What does “The cake is good” tell the listener? The word “good” has no specific context aside from its connection to the word “cake.” The moderator probes for meaning.
Probe: “Good? What do you mean by ‘good?'”
Response: “The cake is good because it is my favorite, chocolate!”
The passive listener could have inferred the “good” meant “tasty” or “homemade.” By probing, we know “good” had a different meaning.
By probing for more information, the moderator determines what the communicator means by “good.” However, probing a generalization has limits in that the meaning of an idea is defined within the context of the statement made. It is not known how the idea relates to the attitudes or behavior of the communicator. Probing a generalization uncovers the meaning of that specific idea, but for more information the moderator must use different probes.
A deletion is something that is left out of a conversation that could be key to understanding the communicator’s attitudes.
The moderator probes a deletion by using an open-ended question to determine what has been left out of the communicator’s response. This is accomplished by saying, “What else?”
Example: “For my father I’d probably pick something bright and blue.”
The listener could assume that blue was chosen because it is society’s chosen color for boys. That inference would not have been correct.
Probe: “Why blue?”
Response: “Because that’s his favorite color.”
By probing “Why blue?,” the moderator gets the communicator’s meaning.
By probing a deletion, the moderator will develop a fuller picture of the communicator’s meaning and know the relative position of the item mentioned in the communicator’s decision-making process. If a deletion has occurred and a probe has brought no further response, the moderator knows he has the complete picture and that the communicator’s ideas are actually limited.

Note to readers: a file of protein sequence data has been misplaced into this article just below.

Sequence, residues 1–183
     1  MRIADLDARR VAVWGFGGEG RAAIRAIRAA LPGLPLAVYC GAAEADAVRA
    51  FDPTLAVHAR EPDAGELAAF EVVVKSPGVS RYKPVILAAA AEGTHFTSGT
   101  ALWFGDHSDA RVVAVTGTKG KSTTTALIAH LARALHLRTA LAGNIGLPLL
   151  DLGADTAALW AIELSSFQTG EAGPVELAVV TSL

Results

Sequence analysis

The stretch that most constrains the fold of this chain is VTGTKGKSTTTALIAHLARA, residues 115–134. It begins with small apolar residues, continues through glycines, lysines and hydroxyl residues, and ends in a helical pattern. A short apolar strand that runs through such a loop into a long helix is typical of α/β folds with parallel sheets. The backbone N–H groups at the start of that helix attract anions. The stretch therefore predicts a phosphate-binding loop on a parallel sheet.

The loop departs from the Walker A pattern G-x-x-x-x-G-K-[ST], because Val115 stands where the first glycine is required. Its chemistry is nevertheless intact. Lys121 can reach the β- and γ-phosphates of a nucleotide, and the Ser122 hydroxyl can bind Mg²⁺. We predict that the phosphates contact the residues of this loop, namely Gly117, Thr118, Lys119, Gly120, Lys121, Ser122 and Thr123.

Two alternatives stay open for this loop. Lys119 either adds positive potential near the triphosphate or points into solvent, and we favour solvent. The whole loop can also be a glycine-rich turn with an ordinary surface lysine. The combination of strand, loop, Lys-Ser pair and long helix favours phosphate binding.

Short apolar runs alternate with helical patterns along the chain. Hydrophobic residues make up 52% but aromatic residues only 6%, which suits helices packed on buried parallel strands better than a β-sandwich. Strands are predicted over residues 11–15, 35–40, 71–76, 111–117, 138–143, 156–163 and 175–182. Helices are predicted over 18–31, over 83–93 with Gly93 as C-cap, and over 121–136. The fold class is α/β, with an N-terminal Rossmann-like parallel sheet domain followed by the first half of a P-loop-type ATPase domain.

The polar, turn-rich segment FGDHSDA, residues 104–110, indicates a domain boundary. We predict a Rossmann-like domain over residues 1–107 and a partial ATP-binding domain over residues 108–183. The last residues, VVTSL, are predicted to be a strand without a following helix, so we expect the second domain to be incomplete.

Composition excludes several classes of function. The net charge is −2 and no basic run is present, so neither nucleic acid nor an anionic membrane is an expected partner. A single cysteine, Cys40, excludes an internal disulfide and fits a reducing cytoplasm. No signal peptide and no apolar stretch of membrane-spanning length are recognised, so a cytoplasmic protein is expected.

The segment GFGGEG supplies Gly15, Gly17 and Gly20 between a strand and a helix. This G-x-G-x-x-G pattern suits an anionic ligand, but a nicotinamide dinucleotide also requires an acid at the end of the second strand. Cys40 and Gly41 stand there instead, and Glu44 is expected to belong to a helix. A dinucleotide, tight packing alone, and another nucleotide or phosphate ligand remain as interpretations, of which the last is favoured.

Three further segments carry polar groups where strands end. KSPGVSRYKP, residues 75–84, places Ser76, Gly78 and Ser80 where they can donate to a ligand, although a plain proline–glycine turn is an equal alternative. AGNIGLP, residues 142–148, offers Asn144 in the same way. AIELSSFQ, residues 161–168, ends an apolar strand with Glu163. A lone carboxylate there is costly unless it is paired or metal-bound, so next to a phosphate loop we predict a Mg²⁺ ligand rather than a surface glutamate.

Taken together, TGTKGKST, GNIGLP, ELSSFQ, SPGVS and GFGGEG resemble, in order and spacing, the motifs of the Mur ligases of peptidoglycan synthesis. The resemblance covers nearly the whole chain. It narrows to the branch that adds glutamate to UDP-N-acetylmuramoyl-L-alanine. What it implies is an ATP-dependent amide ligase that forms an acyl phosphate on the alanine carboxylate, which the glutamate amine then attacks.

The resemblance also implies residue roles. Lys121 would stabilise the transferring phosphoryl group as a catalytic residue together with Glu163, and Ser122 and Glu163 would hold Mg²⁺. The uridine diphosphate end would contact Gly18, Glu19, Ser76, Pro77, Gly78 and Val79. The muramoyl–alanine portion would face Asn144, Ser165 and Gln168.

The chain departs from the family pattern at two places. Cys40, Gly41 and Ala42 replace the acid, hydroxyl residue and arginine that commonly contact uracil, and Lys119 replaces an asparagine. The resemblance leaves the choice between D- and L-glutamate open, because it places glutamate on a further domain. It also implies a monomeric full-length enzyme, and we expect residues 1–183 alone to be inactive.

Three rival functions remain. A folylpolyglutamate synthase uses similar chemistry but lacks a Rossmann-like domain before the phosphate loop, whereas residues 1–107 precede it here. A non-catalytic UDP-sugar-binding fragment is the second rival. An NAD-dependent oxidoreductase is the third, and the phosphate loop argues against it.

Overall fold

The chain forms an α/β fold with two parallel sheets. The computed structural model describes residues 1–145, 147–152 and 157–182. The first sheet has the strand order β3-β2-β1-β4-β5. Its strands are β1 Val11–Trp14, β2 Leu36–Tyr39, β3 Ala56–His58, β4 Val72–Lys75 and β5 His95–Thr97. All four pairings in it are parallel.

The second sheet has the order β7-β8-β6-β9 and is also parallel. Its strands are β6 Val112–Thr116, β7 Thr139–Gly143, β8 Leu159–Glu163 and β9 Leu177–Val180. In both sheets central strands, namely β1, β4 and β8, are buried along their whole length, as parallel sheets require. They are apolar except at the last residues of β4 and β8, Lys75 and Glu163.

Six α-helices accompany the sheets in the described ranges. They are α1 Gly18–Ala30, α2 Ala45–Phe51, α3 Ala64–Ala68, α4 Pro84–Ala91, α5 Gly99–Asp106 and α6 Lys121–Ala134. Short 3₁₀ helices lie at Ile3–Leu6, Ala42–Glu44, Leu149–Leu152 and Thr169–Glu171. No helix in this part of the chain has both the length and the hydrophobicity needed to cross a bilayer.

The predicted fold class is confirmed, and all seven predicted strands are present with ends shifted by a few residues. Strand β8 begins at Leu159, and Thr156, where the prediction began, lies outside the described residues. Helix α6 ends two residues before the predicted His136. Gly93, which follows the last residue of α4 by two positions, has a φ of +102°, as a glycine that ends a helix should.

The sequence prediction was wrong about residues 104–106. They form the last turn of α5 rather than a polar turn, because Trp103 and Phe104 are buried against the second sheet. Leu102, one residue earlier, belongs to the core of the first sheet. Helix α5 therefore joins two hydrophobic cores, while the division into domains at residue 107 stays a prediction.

A distortion is a deflation or inflation of the integration of an idea into the communicator’s decision-making process. This occurs when the moderator knows neither the boundaries of that idea nor the connection between the idea and the communicator’s attitudes or behaviors.
The moderator probes a distortion by determining the boundaries of that idea. In the following example, the communicator is voting in a court case regarding the amount of restitution. How does he decide the amount of the restitution?
Example: “I don’t know how I’d vote. It’s hard to say if you don’t know the background.”
Here we could have probed the word “background” as a generalization, getting the meaning, yet still not know what components of “background” play a role or how they affect the communicator’s decision-making process. We should probe in a way that tries to discover how much of a role “background” plays in the decision-making process (large or small). Maybe other factors play a greater role.
Probe: “What information would you need in order to determine how much restitution she should get?”
Response: “I’d like to know more about the laws concerning restitution, and also more about the events leading up to the accident.”
The moderator probes to determine what components are included and excluded relative to “background.”
By probing a distortion, the moderator determines how important something is to the communicator. Given the boundaries between which an idea exists, the moderator gains an understanding of the communicator’s attitudes and behavior.
A contradiction is at least two statements which imply opposite or conflicting ideas held by the communicator.
Probing a contradiction requires careful listening and tact…careful listening to catch the contradiction because one statement may occur long before an opposite statement does, and tact because people do not like to be told they have contradicted themselves.
Example: “I love my black car. It looks so much sportier than other colors.”…(later) “Black cars are nothing but trouble.”
Probe: “You said that you love your black car. Is there anything about it that you don’t like?”
Response: “Well, it doesn’t hide the dirt very well, and it gets very hot in the summertime because it absorbs the sun’s rays. But it looks great when it’s clean!”
Probing a contradiction lets the moderator know how seemingly opposite or blatantly opposite ideas fit together or don’t fit together in the communicator’s mind.